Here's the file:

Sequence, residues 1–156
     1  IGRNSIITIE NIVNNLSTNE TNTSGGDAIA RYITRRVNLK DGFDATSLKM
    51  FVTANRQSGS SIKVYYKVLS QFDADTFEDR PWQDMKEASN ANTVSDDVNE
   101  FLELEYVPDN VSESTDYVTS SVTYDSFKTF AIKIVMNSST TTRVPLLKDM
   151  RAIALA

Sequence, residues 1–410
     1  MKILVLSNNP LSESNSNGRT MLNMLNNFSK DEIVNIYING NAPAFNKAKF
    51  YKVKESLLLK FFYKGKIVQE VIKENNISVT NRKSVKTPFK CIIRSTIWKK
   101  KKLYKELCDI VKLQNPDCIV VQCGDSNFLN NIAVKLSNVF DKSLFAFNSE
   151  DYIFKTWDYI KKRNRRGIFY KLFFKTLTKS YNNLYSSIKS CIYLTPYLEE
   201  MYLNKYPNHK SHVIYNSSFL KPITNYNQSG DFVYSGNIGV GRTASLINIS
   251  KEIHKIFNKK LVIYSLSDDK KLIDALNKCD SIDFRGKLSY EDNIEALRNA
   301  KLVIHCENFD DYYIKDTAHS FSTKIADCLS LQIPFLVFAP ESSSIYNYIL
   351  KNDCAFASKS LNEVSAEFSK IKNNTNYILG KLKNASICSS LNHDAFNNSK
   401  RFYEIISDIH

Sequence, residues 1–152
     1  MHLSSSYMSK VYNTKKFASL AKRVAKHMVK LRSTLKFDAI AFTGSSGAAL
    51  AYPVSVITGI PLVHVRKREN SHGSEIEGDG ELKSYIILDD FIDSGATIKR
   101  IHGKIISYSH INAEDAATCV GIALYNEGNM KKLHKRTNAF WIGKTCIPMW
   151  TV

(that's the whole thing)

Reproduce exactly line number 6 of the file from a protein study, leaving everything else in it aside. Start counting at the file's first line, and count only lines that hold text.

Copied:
Sequence, residues 1–410